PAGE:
Hope, President of the Marketing Edge who has been marketing food products for over 12 years claims the new 100 mile diet trend has made it easier for small producers to get their foot in the door.
“Sysco has started a “Go Local” program where sales representatives can give their customers a list of local products to choose from. Save-On-Foods has dedicated shelf space that singles out local products. This is a first for the marketplace.”
Hope says that they were able to get VitalyTea’s two brands: Canada Chai Concentrates and Canada Teas into both venues playing the local/Alberta/
VitalyTeas’ Co-owner and President, Fanta Camara says she buys local ingredients whenever she can: The Original Chai contains Alberta Honey and Quebec Maple Syrup. Five of her 10 pyramidal tea bag flavours use herbs harvested in Alberta. None of the company’s competitors can claim to contain ingredients that support our Canadian economy to this same level.
Even the wood display stands for the teas are hand made from Alberta wood products in Alberta.
“We believe in supporting ethical Canadian farmers and suppliers before going outside the country,” reported Mrs. Camara.
Many competitors in the area of chai and teas are produced in the USA and not Canada. The Live Local trend is not just about eating products from within 100 miles but from within your country. In a competitive market like chai and teas, VitalyTeas is trying to carve their slice of the pie as the go-to Canadian chai and tea option.
Distributors and grocers can help by giving producers a forum to sell their goods, however they cannot make the people buy.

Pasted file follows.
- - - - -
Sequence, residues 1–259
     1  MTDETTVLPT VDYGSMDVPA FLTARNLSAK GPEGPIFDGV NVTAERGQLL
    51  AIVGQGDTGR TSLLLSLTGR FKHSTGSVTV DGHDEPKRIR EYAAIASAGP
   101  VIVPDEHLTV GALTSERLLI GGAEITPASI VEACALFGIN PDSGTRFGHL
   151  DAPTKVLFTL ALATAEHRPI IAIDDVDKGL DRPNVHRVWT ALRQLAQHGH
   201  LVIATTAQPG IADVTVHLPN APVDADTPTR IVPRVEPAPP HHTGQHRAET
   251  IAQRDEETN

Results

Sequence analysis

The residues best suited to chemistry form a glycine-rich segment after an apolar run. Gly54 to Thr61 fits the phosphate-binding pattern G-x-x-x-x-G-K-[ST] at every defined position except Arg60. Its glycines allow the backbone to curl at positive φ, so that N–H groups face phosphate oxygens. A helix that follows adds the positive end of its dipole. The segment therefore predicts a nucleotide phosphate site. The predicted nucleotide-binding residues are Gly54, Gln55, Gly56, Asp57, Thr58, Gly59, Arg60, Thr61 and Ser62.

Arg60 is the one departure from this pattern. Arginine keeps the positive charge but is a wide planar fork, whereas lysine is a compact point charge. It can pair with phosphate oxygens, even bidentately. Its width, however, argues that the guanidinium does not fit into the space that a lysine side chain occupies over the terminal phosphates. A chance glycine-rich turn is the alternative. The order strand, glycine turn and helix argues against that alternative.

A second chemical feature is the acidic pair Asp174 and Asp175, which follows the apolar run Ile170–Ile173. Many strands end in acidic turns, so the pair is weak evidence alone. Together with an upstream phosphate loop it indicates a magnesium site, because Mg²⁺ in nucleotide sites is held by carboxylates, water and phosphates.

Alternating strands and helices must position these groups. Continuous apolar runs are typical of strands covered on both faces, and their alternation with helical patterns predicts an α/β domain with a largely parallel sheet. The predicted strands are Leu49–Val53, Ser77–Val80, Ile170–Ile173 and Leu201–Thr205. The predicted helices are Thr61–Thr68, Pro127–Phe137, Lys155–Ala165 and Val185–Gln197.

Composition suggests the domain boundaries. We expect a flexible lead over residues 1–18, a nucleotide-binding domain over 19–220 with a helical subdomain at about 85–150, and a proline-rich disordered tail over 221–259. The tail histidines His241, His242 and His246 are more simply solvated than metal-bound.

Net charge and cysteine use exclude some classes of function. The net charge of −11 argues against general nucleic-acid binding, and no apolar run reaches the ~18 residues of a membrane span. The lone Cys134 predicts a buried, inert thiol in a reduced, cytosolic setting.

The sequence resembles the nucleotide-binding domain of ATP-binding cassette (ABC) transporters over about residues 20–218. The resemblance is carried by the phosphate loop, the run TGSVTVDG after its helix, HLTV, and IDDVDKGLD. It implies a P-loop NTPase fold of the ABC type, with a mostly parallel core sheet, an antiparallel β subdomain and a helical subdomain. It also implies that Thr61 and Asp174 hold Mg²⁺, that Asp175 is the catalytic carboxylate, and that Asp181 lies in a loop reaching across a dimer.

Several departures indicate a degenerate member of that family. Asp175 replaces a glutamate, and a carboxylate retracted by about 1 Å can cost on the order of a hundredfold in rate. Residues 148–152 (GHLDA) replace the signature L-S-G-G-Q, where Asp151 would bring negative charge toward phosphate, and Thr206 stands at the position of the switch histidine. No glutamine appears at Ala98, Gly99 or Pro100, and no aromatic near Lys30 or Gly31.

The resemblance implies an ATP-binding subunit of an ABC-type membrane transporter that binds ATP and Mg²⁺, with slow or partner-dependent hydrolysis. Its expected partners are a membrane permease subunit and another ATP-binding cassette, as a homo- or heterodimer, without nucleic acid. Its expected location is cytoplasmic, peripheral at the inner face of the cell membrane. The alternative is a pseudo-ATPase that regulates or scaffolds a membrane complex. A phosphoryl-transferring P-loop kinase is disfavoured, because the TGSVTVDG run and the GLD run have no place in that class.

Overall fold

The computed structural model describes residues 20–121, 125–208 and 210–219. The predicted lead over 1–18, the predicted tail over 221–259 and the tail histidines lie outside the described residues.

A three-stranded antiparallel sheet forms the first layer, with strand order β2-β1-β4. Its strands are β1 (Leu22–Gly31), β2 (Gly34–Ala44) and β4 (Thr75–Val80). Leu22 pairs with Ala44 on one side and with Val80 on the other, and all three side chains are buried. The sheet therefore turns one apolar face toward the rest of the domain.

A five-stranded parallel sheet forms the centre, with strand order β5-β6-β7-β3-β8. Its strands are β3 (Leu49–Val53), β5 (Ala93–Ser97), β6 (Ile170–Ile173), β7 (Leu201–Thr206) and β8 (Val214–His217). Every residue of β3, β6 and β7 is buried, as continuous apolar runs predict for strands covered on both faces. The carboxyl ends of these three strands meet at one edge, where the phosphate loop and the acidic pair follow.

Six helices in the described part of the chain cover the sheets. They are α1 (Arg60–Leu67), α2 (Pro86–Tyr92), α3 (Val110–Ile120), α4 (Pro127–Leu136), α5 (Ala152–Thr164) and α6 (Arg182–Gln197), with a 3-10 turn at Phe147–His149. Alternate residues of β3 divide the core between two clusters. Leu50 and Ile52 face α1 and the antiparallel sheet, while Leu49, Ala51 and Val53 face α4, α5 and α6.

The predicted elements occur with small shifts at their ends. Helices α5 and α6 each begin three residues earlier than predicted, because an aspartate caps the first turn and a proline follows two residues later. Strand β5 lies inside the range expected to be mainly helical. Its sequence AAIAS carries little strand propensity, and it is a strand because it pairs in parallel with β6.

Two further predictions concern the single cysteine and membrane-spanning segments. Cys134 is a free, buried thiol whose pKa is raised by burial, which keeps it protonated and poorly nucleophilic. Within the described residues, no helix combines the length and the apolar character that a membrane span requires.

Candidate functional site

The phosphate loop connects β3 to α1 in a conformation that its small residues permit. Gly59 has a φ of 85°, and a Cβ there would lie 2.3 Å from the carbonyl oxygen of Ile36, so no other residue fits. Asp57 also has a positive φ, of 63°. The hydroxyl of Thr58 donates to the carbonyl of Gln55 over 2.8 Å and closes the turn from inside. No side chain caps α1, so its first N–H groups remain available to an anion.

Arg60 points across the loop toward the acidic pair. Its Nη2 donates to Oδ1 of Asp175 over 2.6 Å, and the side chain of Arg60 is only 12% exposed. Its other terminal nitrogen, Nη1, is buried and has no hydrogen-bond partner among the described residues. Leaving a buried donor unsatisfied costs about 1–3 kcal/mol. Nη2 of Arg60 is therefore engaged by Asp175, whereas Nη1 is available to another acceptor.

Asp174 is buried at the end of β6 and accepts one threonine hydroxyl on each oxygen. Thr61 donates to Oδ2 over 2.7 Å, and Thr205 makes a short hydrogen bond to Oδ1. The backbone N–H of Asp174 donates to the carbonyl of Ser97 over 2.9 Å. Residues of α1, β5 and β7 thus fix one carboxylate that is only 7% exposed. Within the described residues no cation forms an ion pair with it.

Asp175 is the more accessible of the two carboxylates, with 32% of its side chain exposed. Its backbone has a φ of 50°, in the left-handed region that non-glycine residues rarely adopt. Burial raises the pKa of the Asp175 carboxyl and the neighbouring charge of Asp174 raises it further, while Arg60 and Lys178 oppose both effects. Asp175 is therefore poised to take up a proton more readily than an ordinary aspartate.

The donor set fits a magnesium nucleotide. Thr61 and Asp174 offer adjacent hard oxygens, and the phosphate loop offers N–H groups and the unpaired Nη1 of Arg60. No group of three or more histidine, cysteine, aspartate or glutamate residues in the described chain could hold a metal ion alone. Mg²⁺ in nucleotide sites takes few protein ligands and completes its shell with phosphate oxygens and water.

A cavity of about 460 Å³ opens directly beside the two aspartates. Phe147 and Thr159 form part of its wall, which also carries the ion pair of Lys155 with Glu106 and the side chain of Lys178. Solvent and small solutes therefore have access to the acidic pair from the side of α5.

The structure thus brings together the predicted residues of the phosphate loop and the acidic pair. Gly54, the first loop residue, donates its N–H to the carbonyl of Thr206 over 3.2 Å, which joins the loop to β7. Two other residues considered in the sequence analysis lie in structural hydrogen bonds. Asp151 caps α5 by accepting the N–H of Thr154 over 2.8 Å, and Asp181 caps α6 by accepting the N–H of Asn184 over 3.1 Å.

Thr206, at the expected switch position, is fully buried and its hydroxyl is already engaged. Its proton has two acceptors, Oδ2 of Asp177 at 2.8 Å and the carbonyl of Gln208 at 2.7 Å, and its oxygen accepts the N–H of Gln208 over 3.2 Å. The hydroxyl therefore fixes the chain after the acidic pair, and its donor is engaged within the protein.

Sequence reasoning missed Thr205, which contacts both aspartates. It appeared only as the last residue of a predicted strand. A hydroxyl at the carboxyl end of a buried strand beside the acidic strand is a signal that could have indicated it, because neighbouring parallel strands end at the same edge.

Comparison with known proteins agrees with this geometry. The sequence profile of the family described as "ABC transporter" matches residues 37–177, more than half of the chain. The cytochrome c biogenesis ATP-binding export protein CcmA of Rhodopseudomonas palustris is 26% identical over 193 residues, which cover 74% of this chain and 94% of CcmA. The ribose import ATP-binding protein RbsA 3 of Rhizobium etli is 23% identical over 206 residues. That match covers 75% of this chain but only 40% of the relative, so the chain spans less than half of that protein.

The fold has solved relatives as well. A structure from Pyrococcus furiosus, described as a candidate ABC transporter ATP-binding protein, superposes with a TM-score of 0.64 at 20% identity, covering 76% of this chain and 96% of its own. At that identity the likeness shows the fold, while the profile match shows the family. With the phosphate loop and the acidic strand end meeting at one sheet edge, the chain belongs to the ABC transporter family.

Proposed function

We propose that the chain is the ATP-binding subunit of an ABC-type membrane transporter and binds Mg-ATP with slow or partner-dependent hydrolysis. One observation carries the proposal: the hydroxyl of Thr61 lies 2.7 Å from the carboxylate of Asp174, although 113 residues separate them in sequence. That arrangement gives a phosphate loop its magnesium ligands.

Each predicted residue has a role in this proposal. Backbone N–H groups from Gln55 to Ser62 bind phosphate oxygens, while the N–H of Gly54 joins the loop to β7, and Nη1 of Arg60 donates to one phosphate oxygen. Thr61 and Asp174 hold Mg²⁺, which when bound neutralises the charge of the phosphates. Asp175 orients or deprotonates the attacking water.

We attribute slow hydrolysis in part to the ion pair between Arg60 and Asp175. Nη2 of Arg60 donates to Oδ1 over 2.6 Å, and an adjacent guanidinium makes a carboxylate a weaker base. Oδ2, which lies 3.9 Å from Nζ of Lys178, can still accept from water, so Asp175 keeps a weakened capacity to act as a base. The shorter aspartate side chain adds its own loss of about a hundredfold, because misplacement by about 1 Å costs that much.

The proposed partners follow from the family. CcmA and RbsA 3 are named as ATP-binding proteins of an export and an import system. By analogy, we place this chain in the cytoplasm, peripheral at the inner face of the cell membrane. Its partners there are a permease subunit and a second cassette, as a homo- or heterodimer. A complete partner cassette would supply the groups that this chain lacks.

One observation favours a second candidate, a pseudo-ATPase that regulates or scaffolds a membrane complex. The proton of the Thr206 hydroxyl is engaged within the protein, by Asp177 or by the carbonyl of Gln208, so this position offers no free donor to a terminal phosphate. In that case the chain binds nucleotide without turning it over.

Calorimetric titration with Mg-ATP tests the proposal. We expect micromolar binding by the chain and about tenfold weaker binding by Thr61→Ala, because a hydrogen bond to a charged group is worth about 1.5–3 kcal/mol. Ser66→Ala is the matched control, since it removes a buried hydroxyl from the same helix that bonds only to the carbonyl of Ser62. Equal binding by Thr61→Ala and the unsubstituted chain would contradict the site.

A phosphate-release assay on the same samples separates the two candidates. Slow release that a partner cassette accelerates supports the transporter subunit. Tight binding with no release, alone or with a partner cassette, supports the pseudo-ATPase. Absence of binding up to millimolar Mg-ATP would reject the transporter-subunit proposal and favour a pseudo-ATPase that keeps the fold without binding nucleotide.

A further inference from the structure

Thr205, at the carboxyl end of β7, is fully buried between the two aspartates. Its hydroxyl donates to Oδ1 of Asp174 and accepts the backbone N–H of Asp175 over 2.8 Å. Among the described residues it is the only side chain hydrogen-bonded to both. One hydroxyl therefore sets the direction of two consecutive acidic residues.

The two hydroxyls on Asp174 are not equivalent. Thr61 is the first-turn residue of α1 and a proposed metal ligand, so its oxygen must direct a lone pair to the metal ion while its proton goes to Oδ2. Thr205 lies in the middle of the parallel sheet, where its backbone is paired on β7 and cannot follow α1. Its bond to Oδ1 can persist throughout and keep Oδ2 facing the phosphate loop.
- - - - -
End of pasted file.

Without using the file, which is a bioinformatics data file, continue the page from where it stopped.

Hope says, “The old saying,“You can bring a horse to water, but you cannot make them drink,” holds true when it comes to selling off the shelf. Getting a listing on shelf space is one thing, but the people have to want to buy it.”
Ms. Hope was personal experience with taking a product to market. She was the co-owner and managing partner of Cattle Boyz Foods, taking BBQ sauces to market back in 1998.
Hopes reports that to make people buy something, there has to be a level of brand awareness and good packaging to get first time trials.
“Since this can be a costly undertaking, and we are dealing with small companies, we have to hope that the people want to choose local brands over imported brands”, she says.
Hope suggests that perhaps more awareness is needed.
“Consumers need to know that when they support a local food producer they are helping to build a company and economy that can provide food locally over the long-term. Too many of our products are coming from the USA, what happens if there is a drought or fuel costs skyrocket?”
Hope says we are all vulnerable if we depend on imported foods. “We have to help the producers of our region in order to be self-sufficient.”
Hope reports that she has other clients who are making their way to the shelves due to the Go Local program and that it’s a wonderful thing for producers, marketers and consumers.